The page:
Migraine in Pregnant Women May Predict Birth Complications

MARCH 10, 2016
Caitlyn Fitzpatrick
neurology, pain management, migraine, OBGYN, women’s health, acute migrainePregnant women with severe acute migraine attacks may need to be considered as high-risk pregnancies; new research shows that the condition can lead to preterm delivery and other complications.

Pregnant women who have acute migraine attacks serious enough to prompt hospital visits are at an increased risk of experiencing problems both before and after delivery. These attacks are often accompanied by nausea, vomiting, visual disturbances, and light and sound sensitivity. A team from the Montefiore Health System explored the connection and will present the findings at the American Academy of Neurology’s (AAN) 68th Annual Meeting in Vancouver in April.

The researchers identified 90 women with severe migraine who had emergency care while pregnant at Montefiore. Further investigation revealed that:
  • 54% had at least one complication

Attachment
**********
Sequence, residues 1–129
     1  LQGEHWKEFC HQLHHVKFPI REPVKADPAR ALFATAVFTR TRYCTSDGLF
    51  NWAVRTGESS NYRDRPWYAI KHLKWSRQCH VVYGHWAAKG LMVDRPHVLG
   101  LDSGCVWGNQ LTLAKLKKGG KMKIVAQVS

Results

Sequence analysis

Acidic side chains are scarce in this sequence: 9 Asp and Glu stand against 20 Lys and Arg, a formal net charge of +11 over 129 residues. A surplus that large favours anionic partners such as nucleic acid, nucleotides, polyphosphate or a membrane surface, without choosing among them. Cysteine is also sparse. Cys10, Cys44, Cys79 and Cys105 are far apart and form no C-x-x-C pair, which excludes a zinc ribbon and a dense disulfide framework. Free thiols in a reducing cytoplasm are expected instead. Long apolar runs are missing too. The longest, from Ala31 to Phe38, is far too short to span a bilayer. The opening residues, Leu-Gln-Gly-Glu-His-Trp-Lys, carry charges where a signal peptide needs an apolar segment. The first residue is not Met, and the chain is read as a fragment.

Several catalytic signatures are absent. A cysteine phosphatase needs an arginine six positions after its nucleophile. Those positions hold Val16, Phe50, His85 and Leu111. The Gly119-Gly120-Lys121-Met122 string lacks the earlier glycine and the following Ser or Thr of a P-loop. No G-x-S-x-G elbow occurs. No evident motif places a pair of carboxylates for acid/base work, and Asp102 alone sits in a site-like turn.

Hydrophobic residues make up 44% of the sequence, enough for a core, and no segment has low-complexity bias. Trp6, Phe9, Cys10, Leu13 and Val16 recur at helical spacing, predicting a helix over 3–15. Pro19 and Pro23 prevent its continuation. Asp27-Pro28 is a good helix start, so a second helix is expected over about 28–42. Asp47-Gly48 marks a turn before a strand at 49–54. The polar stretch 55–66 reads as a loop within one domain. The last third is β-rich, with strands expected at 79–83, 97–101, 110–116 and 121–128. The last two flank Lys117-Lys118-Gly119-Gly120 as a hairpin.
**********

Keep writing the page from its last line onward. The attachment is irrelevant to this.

• 30% had preterm delivery (occurs in about 10% of the general population)
  • 20% had preeclampsia, or high blood pressure (occurs in about 5% to 8% of the general population)
  • 19% had babies with low birthweight (occurs in about 8% of the general population)
Women ages 35 and older were seven times more likely to experience these complications. “The results of this study were of particular interest because more than half of the pregnant women with migraine experienced some type of adverse birth outcome, suggesting that these pregnancies should be considered high risk,” study author Matthew S. Robbins, MD, director of inpatient services at Montefiore Headache Center, said in a news release.

Out of the 90 pregnant women with migraine who sought medical attention, 62% were treated with pill and intravenous (IV) drug combinations. Of those women, 76% took acetaminophen, 54% received IV metoclopramide, and 54% received IV diphenhydramine. It wasn’t described how different medications played a role in delivery and birth outcomes.

“These findings need to be replicated with a larger number of women, including those who have migraine that does not manifest with severe attacks during pregnancy,” Robbins concluded.

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